Tuesday, July 27, 2010

Wall St to Hollywood to Sports, American Icons Falling from Grace

Photo: Lebron James & Warren Buffet

Americans Fed Up With Their Athletes And Rejecting Wall Street
by Keegan Bales
Yahoo News

Over the past year, the public images of Tiger Woods and LeBron James, who are not only professional athletes but lucrative brands, have been irrevocably tarnished. Likewise, Wall Street firms such as Goldman Sachs, which were once revered, were helped by government bailouts, their ethics called into question.

Todd Harrison, founder and CEO of Minyanville, tells Tech Ticker that the perception of the American icon, particularly in the sports world, crumbled with the stock market. He says that the recession and society's recent cynicism toward athletes and bankers are connected.


Harrison's argument is based on socionomics, a theory by Robert Prechter, a prominent stock market analyst and occasional guest on Tech Ticker. Prechter hypothesized that social mood drives economic and political activity, not the other way around as commonly believed.

According to socionomics, a person's decision making process is influenced by what is happening in their environment and their choices impact the market. He would say that the stock market crash did not cause the recession, rather the recession caused the stock market crash. Furthermore, it was an overall change in public attitude, a rise of pessimism and distrust in public figures, which sank the economy.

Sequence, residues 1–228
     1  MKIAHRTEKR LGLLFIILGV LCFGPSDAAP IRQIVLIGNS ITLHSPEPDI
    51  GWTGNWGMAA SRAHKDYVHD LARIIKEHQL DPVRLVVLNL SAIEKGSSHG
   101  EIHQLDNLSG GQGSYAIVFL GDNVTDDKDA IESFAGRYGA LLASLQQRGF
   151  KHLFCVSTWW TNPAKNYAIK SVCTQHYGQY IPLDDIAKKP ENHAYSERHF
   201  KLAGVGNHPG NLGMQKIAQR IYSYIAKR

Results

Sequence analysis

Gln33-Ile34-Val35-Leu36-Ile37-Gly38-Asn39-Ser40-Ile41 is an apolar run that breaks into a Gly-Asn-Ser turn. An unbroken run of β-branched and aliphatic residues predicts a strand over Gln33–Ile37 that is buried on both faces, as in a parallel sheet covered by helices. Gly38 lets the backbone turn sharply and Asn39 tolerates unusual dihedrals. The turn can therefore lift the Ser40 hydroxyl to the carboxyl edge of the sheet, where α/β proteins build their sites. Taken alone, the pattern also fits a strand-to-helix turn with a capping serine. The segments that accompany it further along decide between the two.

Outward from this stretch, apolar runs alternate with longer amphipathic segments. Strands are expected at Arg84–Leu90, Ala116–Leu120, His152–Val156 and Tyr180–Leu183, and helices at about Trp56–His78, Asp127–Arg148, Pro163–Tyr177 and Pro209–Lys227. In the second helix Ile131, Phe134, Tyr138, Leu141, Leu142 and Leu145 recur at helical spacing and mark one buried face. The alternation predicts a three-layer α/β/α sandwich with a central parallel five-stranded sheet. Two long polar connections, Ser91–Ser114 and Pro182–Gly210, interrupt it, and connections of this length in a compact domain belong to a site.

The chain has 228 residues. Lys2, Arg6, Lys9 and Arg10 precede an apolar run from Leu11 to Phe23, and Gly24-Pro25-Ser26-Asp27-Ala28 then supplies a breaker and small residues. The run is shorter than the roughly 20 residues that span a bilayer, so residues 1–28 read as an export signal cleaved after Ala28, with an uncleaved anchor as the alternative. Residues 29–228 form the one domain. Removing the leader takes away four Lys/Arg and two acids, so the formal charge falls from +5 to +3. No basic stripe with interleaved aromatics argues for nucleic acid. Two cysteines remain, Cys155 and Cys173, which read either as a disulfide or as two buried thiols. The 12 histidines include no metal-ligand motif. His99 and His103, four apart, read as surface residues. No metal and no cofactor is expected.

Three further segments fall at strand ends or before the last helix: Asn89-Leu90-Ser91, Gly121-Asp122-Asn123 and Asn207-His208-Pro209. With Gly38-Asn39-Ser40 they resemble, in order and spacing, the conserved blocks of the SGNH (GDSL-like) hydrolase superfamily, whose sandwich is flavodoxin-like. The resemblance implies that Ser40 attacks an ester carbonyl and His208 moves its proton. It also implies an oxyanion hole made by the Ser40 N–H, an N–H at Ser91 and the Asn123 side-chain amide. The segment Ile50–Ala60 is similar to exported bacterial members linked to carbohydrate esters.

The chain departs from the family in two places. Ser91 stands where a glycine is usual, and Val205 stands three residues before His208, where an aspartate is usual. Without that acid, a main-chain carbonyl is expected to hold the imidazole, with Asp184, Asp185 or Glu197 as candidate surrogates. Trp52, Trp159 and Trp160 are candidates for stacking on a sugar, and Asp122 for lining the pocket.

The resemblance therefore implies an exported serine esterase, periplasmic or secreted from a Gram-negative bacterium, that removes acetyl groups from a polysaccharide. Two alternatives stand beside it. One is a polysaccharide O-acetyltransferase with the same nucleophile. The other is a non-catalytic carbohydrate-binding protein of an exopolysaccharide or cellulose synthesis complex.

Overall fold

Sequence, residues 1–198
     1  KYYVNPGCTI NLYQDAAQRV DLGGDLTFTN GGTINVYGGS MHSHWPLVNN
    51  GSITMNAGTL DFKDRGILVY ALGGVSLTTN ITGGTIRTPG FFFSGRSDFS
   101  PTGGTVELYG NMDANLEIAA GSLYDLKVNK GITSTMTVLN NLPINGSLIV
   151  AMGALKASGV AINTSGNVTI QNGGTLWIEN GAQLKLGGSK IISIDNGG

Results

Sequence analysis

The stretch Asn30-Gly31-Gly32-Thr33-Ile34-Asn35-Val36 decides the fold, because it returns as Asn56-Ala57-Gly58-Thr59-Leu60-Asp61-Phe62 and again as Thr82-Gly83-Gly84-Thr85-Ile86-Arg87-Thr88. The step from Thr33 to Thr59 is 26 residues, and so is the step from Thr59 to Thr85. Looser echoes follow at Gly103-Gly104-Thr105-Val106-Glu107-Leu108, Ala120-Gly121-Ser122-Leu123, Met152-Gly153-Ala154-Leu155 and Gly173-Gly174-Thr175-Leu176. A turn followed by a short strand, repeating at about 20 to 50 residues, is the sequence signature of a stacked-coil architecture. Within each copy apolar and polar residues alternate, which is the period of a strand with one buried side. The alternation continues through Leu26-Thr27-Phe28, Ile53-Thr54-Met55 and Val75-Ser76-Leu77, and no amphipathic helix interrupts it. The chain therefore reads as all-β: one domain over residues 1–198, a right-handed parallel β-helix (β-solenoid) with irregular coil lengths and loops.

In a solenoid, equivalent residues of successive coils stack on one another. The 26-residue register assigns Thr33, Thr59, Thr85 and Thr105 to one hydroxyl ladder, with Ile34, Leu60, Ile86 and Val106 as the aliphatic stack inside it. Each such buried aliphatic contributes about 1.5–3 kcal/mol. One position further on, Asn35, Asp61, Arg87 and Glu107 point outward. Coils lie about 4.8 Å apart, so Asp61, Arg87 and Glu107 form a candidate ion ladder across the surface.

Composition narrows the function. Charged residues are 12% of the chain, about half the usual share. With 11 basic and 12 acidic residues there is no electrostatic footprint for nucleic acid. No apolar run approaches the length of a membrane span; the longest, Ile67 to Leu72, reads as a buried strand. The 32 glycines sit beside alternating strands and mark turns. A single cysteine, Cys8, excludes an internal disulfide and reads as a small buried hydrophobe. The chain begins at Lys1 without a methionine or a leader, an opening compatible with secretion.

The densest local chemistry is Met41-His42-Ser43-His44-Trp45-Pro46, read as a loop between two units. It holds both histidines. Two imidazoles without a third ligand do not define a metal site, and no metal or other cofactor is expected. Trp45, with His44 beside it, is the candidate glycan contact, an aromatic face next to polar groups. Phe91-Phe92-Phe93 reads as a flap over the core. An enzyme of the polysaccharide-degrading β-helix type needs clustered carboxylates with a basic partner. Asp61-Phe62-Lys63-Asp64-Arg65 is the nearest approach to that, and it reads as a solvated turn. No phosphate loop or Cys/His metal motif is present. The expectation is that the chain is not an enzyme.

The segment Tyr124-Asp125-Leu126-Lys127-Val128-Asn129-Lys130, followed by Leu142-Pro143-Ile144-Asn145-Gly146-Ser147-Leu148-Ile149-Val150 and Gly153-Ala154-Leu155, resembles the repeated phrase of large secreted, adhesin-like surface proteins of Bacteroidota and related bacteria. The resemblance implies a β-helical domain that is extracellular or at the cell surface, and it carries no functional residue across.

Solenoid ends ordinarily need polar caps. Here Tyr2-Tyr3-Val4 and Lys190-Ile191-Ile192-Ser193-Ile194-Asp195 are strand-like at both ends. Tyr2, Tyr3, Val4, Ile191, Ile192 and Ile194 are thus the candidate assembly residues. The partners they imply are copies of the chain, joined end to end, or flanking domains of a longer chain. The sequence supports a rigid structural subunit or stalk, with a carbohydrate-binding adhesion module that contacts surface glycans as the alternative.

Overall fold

Americans Fed Up With Their Athletes

Sports traditionally provided Americans with an escape from turmoil going on in the country, something relaxing to watch for a couple hours. Harrison says that in today's tense social and political climate, the lurid scandals and massive pay checks that have become standard in professional sports are no longer acceptable. People are fed up with athletes and are rejecting their wealth.

"When you have these high profile brands like these athletes, that are going out there and grand standing for a $100 million contracts, it's going to rub people the wrong way," Harrison says.

Rejecting Wall Street in an Age of Austerity

The social mood is similarly negative toward bankers. Once considered to be at the pinnacle of society, they are now regarded as reckless, greedy and sometimes criminal. Warren Buffett, who was for years considered the patriarch of finance, has even come under question for his close relationship with Goldman Sachs and Moody's. Harrison says that this shift is part of a movement toward austerity.

"Money can buy a lot of things, but it can't buy public opinion," Harrison says. "Free will is going to be free will. That's endemic of a much larger shift for the economic social movement."

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